How To Have Fun With A Wish List

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Have you ever been around a child who, with single-mindedness of purpose, has got just what they wanted - like a puppy, a new pair of shoes, a treat of some kind? Perhaps you have achieved the results of clear, unfettered focus, going for something you really wanted, that was important to you.

One of my most dramatic experiences of this came about through an exercise in a personal development programme. There were over 200 of us in the group. We were told to approach fellow participants, one by one, and ask for whatever we wanted. The other person could give you a "yes" or a "no". Then, that person asked you for what they wanted. The game was that for every "yes" you gave, you had to give 9 "no's".

Whether you received a yes or a no was random. What I was asking for at that time was totally out of the question. My partner's business was going through a rough time and there were no funds for my request - to travel around the world first class. I had so much fun asking for what I wanted. The energy in the group built as we spoke our requests. There was no investment or attachment in the outcome beyond simply asking for what we wanted.

8 months later, my partner was talking about going on holiday. We could go to the Scilly Isles (off the coast of Cornwall). At Easter time, the daffodils would be lovely there. Or we could go round the world first class. There were airline deals that considerably reduced the costs. He did not know about the game I had played. So after a little careful consideration, I chose the first class travel option. It was the experience of a lifetime for me.

It is too easy when being deluged with bad news to lose sight of your dreams and give up hope. The good news about a changing world is that it is just that. Changing. The further good news is that each one of us can creatively have an impact and choose the positive changes for ourselves that we do want.

Perhaps in recent years, you have been used to being able to buy pretty much anything you wanted. These days, possibly not. You are having to be careful with your finances. I have been learning from friends a process I call Wish Listing. Here is how it goes for those things you would really like to have, but for which you do not have the money immediately to hand.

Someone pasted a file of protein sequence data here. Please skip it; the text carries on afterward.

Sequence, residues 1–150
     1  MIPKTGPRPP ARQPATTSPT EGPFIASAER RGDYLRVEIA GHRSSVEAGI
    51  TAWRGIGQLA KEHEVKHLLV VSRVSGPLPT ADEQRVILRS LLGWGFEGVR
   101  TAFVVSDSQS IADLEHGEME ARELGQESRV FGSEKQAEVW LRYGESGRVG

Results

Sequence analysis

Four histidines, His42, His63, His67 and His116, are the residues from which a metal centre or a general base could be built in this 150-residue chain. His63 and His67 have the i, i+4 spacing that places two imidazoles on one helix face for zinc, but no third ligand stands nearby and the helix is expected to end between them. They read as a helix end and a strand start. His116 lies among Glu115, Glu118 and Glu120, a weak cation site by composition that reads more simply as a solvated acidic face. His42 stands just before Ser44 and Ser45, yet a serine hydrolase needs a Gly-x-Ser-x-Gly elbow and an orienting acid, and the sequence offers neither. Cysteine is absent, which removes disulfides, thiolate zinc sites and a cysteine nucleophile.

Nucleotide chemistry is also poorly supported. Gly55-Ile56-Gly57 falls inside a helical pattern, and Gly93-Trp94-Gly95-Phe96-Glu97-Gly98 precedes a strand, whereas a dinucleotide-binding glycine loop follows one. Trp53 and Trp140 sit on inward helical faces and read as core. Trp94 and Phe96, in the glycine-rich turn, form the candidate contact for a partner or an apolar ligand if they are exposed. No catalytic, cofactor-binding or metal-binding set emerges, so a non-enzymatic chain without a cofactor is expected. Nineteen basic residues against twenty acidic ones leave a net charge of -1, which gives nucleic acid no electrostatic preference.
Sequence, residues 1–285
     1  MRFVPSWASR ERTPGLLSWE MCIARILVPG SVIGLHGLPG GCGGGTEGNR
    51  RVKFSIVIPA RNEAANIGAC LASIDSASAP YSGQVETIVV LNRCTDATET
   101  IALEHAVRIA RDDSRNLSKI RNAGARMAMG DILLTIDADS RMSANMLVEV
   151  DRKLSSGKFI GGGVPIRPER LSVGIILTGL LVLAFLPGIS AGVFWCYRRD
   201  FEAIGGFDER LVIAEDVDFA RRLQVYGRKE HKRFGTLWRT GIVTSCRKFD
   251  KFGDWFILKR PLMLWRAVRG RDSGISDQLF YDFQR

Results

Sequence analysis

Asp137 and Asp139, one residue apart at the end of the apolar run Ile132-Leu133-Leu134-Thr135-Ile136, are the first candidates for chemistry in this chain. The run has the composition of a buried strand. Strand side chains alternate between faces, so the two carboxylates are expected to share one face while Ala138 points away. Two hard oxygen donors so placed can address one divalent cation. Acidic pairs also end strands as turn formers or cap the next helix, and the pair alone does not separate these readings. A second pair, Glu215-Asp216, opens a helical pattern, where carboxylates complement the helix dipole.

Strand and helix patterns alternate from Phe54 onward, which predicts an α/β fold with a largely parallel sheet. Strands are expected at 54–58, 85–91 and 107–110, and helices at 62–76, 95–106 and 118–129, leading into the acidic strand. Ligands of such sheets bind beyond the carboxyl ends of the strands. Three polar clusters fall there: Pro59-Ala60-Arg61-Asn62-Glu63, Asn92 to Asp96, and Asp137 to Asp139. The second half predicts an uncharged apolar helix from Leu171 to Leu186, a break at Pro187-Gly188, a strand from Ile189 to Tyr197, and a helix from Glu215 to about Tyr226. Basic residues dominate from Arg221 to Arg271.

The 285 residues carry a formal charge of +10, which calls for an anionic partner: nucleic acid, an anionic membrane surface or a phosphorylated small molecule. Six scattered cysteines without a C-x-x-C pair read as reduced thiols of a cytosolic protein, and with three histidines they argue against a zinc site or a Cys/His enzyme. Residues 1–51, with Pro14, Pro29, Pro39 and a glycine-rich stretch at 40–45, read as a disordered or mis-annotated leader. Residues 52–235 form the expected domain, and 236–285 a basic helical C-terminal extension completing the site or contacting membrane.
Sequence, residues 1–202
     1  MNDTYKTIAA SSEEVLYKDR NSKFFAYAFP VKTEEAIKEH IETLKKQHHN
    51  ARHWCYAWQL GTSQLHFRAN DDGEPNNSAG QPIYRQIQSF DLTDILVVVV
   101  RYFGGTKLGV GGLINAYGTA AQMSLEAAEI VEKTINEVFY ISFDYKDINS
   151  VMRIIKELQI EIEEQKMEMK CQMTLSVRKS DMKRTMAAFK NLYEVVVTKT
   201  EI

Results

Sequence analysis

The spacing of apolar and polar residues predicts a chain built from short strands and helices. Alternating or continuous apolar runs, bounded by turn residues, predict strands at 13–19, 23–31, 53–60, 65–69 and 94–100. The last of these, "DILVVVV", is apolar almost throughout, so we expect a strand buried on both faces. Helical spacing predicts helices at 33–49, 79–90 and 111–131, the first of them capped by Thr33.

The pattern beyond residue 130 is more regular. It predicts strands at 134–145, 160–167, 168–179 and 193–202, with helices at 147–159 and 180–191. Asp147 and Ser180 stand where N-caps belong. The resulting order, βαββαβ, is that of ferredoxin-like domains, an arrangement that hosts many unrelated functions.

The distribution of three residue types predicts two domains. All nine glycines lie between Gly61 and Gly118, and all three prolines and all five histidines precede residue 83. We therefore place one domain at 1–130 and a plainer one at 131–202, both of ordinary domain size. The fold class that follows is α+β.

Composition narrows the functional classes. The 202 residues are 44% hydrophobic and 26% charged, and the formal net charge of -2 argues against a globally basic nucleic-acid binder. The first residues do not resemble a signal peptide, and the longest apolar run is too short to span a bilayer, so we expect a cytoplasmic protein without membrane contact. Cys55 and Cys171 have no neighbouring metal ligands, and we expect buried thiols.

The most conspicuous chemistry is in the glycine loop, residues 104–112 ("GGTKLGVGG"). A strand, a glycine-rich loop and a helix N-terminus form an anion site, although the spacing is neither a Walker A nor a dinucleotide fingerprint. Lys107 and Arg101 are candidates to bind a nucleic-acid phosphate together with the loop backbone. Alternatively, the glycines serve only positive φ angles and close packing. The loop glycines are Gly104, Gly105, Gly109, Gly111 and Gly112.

There is power in an innocent request.

1. Make Your Wish

What is it that you would really like? A carpet for your living room; a new winter coat; a holiday; a job that really matches your skills and aspirations; an outing which brings you joy. This can be a List - you might have more than one.

2. Rate Your Wish

On a scale of 1 to 10 where 10 is strong and 1 is weak, how much do you want your wish? This is more of a heart feeling, not so much a rational reason. If the number is less than 7, you may not want it that much.

3. Write down the details of what you want

Make a description of your wish, as vividly as you can. See yourself with it. Feel the pleasure that it gives you. Hear others celebrating with you. Experience it as fully as you can.

For example, if your wish were for a renovated kitchen, imagine the pleasure of preparing meals there for family and friends and the little touches that would make it special for you.

4. Put your wish on a card...

.... and put the card somewhere you see it frequently - on your desk; in your car; as a bookmark; in the bathroom (plasticized !); on the fridge.

5. Engage wonder

This process was taught to me by a retired US Air Force Colonel. You write on a separate 5 x 3 card: I wonder how it is possible for me to.... and you fill in your wish. So it could be: upgrade the kitchen; find a great weekend bargain break; create a memorable birthday party for Susie.

Last thing at night, or first thing in the morning, repeat the I wonder statement a few times when your mind is most receptive. Do this for 3 days.

6. Take action

Start to explore where you can realize your wish. You might go on the internet; find garage sales in your neighbourhood; get on the phone and talk to people who might be able to assist you.

7. Keep an open mind

Allow time and and be receptive about when and how your wish may be delivered to you. Be prepared to be surprised.


In these times when life is challenging for many of us, please do not lose sight of your dreams and aspirations. They were never more valuable. Working towards what you really want in your heart of hearts, will give you the fuel to keep going; to overcome the obstacles; to achieve even what may seem impossible.

Do you have a secret dream that you have tucked away in the back of your mind? Are there people around you with whom you can brainstorm and get encouragement to go for what you want? Have you ever had a heartfelt wish come true?

 

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Email: annenaylor@mac.com